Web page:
How quantum computers could help tackle big climate change challenges
- By 2025, quantum computing “will have outgrown its infancy”, with commercialization spurring a new generation of technologies
- Quantum computers hold the key in realizing green solutions that can accelerate the goal of carbon neutrality by 2050
Over 60 countries have pledged to reduce their net carbon emissions to zero by 2050, according to the United Nations. Among those in the green list, the UK has codified the net-zero goal into law, and other European counterparts such as Norway and Finland have pushed forward the aim of achieving carbon neutrality by 2030 and 2035 respectively.
Besides commitment from countries, members of society and businesses are also changing their ways and cultivating green habits to join the effort in eliminating carbon footprint. To realize the net-zero goals, individual and collective effort is crucial, and the widespread practices of massive carbon management will be key.
In the fight against climate change, a plethora of new technologies will be required to not only transform conventional approaches that are contributing to world carbon emission but also birth a new generation of green technologies.
The World Economic Forum (WEF) stated by 2025, quantum computing “will have outgrown its infancy,” and we’ll see a fist generation of commercially available quantum-inspired devices to “tackle meaningful, real-world problems.”
Chemistry is one area that is highly anticipated to be revolutionized by the developments of quantum computers. In a virtual tech event, Quantum.Tech Digital Week, an expert estimated that within the next decade, quantum computers will play a major role in creating the chemicals needed to make energy-efficient fertilizers and drastically slash carbon emissions.
Jean-François Bobier, a Boston Consulting Group partner, shared in the online conference the potentials of quantum computers in creating molecules that could replace chemical catalysts needed for fertilizer production.
The existing catalysts consume 3 to 5% of global natural gas and cost up to US$300 billion a year. The environmental cost? It’s said to be responsible for 2% of annual worldwide carbon dioxide emissions, Bobier explained.
The emergence of quantum computers is about to change the tide. While classical computers, which run in bits of zeroes and ones, would take more than 80,000 years to model the molecules needed to replace these chemicals, quantum computers that process information in qubits (within the spectrum between ones and zeros) could take just one day to accomplish the task in question.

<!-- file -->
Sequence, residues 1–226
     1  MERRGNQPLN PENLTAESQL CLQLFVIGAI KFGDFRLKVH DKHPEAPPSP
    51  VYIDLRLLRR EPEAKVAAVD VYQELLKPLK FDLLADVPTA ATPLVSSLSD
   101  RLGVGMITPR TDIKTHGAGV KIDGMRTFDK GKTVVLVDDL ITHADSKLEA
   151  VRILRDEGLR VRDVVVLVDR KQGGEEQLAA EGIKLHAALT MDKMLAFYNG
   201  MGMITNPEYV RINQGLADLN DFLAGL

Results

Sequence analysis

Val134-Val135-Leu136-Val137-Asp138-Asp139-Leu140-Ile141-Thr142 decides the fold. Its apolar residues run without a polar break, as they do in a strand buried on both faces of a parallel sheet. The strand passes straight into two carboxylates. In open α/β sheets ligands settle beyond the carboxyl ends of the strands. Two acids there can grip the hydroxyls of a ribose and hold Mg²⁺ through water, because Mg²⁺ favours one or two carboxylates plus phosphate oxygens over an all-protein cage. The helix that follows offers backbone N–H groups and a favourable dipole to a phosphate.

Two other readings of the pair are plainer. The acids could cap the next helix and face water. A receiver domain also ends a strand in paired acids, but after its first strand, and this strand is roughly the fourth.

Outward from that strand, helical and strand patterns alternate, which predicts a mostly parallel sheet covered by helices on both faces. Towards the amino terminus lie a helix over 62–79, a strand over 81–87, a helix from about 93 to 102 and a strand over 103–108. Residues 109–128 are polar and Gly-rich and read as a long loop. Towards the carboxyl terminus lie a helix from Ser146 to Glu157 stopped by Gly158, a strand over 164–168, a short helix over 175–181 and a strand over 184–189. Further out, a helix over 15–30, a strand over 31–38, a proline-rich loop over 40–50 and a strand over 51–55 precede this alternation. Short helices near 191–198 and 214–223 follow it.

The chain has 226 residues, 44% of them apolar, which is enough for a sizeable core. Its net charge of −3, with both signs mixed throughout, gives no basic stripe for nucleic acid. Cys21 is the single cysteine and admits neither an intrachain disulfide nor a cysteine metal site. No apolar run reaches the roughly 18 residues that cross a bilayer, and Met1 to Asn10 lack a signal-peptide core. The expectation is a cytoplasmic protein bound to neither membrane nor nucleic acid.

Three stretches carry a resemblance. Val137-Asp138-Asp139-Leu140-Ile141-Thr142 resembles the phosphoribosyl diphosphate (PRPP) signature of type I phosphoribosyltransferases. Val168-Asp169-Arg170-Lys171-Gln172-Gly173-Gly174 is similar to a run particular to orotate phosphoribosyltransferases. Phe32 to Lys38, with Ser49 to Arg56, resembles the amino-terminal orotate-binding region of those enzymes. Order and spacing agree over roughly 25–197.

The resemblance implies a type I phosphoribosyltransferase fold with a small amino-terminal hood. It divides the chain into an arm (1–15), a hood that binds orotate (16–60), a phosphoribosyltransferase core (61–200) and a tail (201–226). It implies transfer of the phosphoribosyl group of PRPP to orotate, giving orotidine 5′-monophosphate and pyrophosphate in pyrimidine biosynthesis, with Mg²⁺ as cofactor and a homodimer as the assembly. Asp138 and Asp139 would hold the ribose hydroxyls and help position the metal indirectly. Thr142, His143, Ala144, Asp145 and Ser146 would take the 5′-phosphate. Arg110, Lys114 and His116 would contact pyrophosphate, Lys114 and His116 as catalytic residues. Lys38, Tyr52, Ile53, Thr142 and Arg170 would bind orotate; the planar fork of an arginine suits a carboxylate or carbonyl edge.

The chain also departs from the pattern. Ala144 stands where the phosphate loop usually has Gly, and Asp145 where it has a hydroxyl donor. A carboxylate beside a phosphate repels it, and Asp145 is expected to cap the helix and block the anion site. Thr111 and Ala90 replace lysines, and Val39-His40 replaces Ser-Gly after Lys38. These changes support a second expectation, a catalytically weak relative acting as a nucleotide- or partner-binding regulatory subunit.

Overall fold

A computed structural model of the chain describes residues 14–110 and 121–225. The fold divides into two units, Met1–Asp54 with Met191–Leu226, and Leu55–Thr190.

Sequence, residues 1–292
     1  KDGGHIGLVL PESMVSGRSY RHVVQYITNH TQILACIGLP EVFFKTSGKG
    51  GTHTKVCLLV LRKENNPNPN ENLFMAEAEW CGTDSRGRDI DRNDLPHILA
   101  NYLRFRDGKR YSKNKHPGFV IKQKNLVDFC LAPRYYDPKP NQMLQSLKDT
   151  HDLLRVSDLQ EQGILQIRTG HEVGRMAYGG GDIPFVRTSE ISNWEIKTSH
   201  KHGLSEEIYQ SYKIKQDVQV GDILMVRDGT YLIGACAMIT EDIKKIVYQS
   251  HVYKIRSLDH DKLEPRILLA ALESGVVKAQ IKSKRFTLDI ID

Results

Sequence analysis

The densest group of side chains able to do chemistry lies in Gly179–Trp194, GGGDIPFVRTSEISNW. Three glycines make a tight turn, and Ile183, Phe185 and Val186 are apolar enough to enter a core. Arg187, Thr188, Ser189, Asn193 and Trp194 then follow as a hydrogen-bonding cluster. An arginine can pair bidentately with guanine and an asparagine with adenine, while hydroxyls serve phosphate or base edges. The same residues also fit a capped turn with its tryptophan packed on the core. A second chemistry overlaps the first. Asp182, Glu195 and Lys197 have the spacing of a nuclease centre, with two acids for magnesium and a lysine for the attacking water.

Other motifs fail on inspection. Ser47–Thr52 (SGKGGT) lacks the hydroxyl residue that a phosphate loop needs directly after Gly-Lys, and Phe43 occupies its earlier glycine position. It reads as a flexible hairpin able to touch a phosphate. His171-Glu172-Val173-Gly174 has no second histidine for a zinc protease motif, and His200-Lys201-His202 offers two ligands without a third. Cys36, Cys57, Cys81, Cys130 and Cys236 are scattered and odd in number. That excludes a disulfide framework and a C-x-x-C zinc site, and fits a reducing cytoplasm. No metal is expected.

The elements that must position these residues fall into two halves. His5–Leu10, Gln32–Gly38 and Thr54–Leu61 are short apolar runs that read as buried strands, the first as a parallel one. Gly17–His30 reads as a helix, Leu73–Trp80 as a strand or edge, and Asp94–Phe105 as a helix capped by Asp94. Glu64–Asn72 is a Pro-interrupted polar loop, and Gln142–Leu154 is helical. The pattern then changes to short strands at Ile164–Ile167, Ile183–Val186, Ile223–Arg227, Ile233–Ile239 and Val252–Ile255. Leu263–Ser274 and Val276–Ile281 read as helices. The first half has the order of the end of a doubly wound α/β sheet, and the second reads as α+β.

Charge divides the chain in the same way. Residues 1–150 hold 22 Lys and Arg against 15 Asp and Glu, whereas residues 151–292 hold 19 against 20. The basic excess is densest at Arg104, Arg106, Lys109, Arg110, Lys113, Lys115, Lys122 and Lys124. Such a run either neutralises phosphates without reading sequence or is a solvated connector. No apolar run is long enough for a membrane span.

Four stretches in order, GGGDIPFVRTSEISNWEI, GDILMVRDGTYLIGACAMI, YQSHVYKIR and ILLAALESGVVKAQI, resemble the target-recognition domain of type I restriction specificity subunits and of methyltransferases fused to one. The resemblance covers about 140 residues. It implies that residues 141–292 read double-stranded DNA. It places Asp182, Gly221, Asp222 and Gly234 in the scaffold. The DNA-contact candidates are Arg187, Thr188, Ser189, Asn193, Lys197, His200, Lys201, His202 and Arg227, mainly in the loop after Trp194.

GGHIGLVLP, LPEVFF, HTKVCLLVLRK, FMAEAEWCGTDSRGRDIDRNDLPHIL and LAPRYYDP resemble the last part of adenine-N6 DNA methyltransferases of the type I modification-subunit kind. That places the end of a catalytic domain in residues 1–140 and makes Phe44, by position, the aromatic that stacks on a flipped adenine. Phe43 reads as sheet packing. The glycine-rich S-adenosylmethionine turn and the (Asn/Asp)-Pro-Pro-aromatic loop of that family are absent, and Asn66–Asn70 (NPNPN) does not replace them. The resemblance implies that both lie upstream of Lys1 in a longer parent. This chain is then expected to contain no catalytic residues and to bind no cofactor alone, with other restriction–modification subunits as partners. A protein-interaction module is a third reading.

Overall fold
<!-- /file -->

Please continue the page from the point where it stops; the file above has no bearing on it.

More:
Quantum computers are apt for the development of catalysts because it provides a microscopic understanding of the enzymes that underlie photosynthesis and the nitrogen cycle. The technology could also unlock the development of high-temperature superconductors and facilitate the scouting of new materials for solar cells that will further consolidate green technologies used in electric vehicles (EVs) and the likes.
Bobier added, while the replacements for the 100-year old catalysts or chemicals needed to synthesize fertilizers may not be carbon-neutral, they will be significantly more carbon-efficient.
Companies across industries are looking towards the future-forward tech to solve the challenges of today and tomorrow. Fertilizer chemical giant BASF is among those in the agribusiness to enlist quantum computing power to analyze new seeds and fertilizers. Meanwhile, aerospace giant Airbus has been advocating for the aviation industry to explore new fields such as AI and quantum computers to create a climate-neutral industry.
CTO of Airbus, Grazia Vittadini, stated, “as aerospace professionals, we all know there is no one single solution to the climate change problem,” as reported in CBR.
German automaker Volkswagen has been testing a quantum-inspired navigation app that will be baked into its vehicles within the next few years. The navigation app uses cloud-based quantum-computing services to help public buses find the fastest route for individuals buses in near real-time. The aim is to prevent road congestion by ensuring the most efficient route is in use.
Though quantum computers are not readily available or commercialized yet, it’s just a matter of time before an explosion of use cases are seen.
“Yes, it will be a long time, and yes, we are going to have to be patient for the use cases, but we need to be prepared now,” Bobier said.